They also have many clinics around the island and an ambulance service. As in most places healthcare for major issues can be quite expensive. Make sure you have private healthcare insurance and understand your coverage before needing it."
Our article, 11 Tips about Healthcare and Health Insurance in Barbados provides an in-depth look at:
Expat Health Insurance in Barbados
Expats interested in expat health insurance should take a minute to get quotes our partner, International Citizens Insurance, a trusted expat health insurance broker. They will provide you with comparison quotes from some of the biggest expat health insurers: Cigna, Aetna and GeoBlue.
6. What is the Cost of Living on Barbados?
"The cost of flights in and out of Barbados is quite expensive. The cost of food and water is also much higher than alternatives... The cost of living being more then alternative retirement locations. However we also manage to live here on a semi-modest budget and have found ways to save money here and there. Eating local food and not what you are use to in your home country will make a big difference in your cost of living here. Also the housing market changes dramatically depending on which ever you are looking at," wrote one expat.
When asked about a yearly budget, one expat said, "This is a tricky question as it depends a lot on how much quality of life you are accustomed to. If you are the type that goes out and eats out often you will need considerably more then someone who prefers home cooked meals and having card nights with friends. I would suggest that you could live quite comfortably on $60,000 a year but that is very dependent on the person."
7. Finding a House in Barbados
"We rented at first so we could 'test' out the different regions and be sure of a location before investing in purchasing a place. Shop around for housing before selecting a place. Prices range quite a lot. You will also want to talk to some locals or expats about the regions you are looking at to make sure it will be a good fit for you," commented one expat.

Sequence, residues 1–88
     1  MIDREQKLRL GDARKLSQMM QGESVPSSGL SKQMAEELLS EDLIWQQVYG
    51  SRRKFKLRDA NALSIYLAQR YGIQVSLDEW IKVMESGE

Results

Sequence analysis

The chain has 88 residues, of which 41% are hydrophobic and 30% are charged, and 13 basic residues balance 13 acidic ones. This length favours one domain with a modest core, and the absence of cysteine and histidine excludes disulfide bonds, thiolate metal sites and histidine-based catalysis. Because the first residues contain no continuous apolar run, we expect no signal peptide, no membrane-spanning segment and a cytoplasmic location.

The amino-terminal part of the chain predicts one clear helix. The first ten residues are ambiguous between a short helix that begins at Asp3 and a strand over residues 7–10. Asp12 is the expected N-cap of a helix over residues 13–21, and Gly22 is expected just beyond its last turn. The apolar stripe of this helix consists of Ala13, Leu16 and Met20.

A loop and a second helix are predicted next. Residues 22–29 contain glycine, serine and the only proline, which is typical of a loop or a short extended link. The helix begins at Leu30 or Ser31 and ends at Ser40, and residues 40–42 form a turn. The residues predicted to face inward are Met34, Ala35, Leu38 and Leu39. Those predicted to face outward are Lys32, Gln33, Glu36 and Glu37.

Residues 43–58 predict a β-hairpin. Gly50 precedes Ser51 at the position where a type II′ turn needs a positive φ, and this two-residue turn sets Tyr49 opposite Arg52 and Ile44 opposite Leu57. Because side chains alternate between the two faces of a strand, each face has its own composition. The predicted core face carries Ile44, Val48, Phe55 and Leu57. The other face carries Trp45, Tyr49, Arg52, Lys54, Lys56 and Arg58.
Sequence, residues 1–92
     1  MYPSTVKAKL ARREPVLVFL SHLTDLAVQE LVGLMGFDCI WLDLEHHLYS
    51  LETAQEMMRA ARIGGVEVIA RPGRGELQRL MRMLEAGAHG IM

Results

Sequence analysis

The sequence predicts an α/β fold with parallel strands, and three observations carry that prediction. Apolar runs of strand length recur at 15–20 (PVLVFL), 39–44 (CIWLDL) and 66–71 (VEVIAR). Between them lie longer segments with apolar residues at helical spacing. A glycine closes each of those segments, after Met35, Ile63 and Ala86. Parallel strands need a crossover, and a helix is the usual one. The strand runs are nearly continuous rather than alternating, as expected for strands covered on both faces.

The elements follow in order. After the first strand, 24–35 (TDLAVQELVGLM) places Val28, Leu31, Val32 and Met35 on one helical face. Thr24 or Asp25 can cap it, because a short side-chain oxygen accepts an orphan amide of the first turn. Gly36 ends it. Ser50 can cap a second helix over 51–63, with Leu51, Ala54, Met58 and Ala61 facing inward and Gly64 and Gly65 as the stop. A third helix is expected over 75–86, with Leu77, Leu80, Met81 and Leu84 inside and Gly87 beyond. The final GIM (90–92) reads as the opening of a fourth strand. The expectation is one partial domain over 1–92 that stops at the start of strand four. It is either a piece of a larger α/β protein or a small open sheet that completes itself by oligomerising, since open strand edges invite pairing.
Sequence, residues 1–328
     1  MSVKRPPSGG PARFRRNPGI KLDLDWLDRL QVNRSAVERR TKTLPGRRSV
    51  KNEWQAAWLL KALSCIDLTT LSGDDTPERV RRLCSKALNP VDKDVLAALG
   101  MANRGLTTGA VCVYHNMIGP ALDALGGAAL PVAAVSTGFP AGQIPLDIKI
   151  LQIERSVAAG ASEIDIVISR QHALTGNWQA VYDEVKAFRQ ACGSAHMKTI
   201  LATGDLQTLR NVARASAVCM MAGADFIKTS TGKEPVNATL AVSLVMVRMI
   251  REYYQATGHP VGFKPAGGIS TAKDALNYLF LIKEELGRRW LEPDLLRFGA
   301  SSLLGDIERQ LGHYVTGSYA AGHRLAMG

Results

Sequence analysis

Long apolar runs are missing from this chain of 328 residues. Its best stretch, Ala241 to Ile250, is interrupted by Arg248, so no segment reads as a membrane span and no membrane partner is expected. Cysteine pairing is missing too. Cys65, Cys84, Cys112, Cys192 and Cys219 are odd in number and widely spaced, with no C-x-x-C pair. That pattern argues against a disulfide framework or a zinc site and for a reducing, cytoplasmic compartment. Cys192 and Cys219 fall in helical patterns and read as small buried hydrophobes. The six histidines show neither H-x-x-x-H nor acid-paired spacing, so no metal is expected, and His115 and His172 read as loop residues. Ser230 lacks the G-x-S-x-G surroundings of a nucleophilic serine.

If you're interested in a long-term rental (not a vacation rental), check out Island Gold Realty, Long-term Rentals Barbados and Barbados Sotheby's International Realty.
8. Should a newcomer ship their furniture or buy new in Barbados?
"We choose to move our furniture here from our home country as it was expensive to buy new in Barbados. Now looking back I would have sold the old furniture and bought new with the money I would have saved on freight, clearing and duties," advised one expat.
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9. Meeting Other Expats and Global Nomads
"We have a very active expat community with lots of clubs to join such as the American women's club, Canadian women's club, majong club, cards group, sailing club, etc. Their are also lots of opportunities for volunteering in different groups if that suits you. The recreation mostly centers around water life (beach, boating, snorkeling, etc) but we also have other interests as I mentioned above. The nightlife is good. We do not really go clubbing but have lots of opportunities to meetup with friends from drinks or have cocktails at fundraisers and other parties. The restaurant selection is also quite good," explained one expat.
10. Crime in Barbados
"There is crime, which you hear about often but this is mostly because all news is big news here. The island is small in terms of population so you will hear about every killing that takes place. Mostly it is safe and we have walked alone outside at night without feeling afraid of such things happening to us. As with anywhere you need to take certain precautions and avoid bad areas at night," said an expat in Barbados.
According to the US State Department, "American citizens are not specifically targeted for crime in Barbados." In terms of avoiding specific areas, the State Department advises:
- Avoid Crab Hill at all times (located Northwest of the island).
- Avoid Nelson and Wellington Streets (located in Bridgetown) at night.
- Use added vigilance while on non-reputable nighttime party cruises.